Following the recent news of Iwao Hakamada's release from prison the WBC, who have been part of the "Free Hakamada Now" campaign, have issues a statement saying they will give Hakamada an honorary WBC world title.
This move comes after a similar case in the US of a fighter called Rubin "Hurricane" Carter. Carter, like Hakamada, had his freedom taken away from him for a heinous crime that he likely didn't commit. Carter's case is, at least in the west, a notable one with a movie, a book and a number of songs written about it.
Whilst Hakamada's case may not be as well known as Carters by many in the west it's an equally upsetting story, if not more so. Hakamada was beaten for his confession, spent almost 50 years on death row and spent much of that time with little to know contact with others.
Although the green and gold belt of the WBC will do nothing to bring back the more than 40 years of wasted time Hakamada has suffered in prison it is great to see the boxing community supporting on of it's own.
The title is expected to be handed to Hakamada on the April 6th at the upcoming Ohashi show dubbed "Ring of Diamonds".
(Courtesy of the Free Hakamada Now! campaign)
A story coming out of Japan suggests that if Kazuto Ioka (14-0, 9) is successful in his up coming IBF Flyweight title challenge over Amnat Ruenroeng (12-0, 5) he may not be sticking around long to saviour his victory and instead of defend belt he will immediately vacate.
The former 2-weight world champion has stated in the past that he wants to become Japan's first ever 5 weight world champion. Although still very young and with plenty of fighting years ahead of him it does seem like Ioka is in a rush to achieve that feat and by giving up the IBF Flyweight title he would be signifying an immediate move up to the Super Flyweight division.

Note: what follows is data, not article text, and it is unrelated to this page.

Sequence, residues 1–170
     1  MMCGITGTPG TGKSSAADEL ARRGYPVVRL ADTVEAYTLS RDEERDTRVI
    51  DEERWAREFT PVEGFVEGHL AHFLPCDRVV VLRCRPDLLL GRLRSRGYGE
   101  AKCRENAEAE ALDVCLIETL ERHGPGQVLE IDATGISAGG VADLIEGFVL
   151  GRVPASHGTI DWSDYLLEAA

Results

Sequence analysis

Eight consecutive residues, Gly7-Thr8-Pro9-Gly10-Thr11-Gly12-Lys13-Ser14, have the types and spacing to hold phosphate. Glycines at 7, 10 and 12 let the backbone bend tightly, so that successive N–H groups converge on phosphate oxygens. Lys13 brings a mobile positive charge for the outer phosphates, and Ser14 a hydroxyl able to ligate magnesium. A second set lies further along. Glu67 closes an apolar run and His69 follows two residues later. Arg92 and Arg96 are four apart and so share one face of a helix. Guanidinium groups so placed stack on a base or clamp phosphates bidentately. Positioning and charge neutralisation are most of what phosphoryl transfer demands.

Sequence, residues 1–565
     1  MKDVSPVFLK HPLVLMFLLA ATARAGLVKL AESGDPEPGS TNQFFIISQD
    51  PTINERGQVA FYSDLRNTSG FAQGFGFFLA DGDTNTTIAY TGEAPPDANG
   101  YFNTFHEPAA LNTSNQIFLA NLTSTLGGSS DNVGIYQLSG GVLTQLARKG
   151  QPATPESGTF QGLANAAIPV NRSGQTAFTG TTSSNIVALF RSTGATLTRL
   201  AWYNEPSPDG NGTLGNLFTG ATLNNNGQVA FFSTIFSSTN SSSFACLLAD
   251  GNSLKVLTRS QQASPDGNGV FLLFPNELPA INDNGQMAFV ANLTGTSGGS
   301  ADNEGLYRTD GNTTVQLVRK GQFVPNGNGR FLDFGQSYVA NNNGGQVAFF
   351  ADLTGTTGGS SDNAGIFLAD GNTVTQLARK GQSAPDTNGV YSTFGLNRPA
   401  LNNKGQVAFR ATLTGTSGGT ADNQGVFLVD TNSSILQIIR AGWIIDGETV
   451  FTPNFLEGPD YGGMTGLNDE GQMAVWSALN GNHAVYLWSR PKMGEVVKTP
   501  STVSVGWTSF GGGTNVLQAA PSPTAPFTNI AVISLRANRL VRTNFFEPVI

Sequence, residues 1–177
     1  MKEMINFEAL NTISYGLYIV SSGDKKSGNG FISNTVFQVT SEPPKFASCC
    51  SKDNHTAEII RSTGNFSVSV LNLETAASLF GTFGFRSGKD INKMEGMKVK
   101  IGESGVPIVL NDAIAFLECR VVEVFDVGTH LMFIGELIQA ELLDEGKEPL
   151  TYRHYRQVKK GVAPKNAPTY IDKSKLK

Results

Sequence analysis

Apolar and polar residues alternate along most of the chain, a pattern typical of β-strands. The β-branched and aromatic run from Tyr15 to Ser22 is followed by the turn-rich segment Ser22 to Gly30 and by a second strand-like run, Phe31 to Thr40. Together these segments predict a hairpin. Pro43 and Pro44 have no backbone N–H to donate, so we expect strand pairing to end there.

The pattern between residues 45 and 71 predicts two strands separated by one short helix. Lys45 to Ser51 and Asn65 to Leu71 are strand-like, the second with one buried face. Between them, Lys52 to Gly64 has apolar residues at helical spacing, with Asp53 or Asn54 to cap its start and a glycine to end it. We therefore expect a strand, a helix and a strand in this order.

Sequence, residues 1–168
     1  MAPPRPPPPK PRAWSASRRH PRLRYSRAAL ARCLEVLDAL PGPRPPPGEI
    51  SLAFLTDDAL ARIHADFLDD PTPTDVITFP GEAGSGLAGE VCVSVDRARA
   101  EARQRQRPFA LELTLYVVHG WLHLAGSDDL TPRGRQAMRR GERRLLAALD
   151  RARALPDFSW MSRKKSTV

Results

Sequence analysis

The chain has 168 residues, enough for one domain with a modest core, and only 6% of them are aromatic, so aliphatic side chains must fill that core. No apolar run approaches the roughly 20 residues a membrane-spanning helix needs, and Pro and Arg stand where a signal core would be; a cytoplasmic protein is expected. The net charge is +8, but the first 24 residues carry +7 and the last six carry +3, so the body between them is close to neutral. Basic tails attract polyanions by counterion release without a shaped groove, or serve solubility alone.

Whilst a fighter giving up a belt immediately isn't that rare it tends to be done by a fighter going back down the weights not straight up again. What would be particularly interesting if Ioka was to move up would be that he would then be fighting in the same division as Japan's only other 3 weight world champion Koki Kameda.
Kameda is himself campaigning at Super Flyweight in an attempt to become Japan's first ever 4 weight world champion with a bout against Kohei Kono being very much expected later this year. If Ioka however can win the IBF tite and vacate it he may well be able to lure Kono into fighting him and not Kameda, a move that would really elevate Ioka to Japanese boxing legend.
Although Ioka will be viewing himself as a possible 4 weight world champion by the end of 2014 many fans will rightfully be asking about the fights he could have had with the likes of Roman Gonzalez, a rematch with Akira Yaegashi or even a bout with someone like Juan Carlos Reveco or Juan Francisco Estrada. Whilst we can't pretend that we'd not be disappointing by those fights not happening we would forgive Ioka if he settled at 115 and fought some fop fighters such as Kono, Srisaket Sor Rungvisai, Omar Andres Narvaez, Koki or Felipe Orucuta.
The future could see Ioka's plans changing but if things go as speculated then it could be an interesting development in not only his career but also the development of the 115lb weight class and the move towards Japanese fighters going through the weights on the global scene. We've seen Japanese fighters typically stay at their weight whilst the American fighters have gone through the divisions, if the Japanese follow the American mentality then we imagine they will start to get more recognition state side rather than often being ignored by the American boxing media.